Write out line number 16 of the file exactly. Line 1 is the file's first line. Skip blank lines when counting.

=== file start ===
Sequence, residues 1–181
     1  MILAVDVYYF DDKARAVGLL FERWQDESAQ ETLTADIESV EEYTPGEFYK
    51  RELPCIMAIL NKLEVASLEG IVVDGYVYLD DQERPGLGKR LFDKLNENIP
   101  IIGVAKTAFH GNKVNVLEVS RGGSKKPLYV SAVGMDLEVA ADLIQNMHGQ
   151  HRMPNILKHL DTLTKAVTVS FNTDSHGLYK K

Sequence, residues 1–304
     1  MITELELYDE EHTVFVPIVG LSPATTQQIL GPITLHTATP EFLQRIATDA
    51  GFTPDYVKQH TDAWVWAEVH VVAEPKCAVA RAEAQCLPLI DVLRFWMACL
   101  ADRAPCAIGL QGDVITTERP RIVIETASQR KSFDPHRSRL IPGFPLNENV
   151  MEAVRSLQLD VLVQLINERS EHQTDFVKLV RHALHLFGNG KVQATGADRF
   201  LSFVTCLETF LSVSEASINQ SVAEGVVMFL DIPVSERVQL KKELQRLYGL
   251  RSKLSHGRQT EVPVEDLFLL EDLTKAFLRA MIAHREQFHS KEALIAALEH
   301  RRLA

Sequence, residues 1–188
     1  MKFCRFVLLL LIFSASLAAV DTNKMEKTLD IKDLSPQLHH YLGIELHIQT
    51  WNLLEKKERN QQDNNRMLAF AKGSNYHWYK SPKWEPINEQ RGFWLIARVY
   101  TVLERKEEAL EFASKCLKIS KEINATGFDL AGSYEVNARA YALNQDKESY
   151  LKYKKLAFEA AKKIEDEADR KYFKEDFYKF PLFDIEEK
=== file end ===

    51  WNLLEKKERN QQDNNRMLAF AKGSNYHWYK SPKWEPINEQ RGFWLIARVY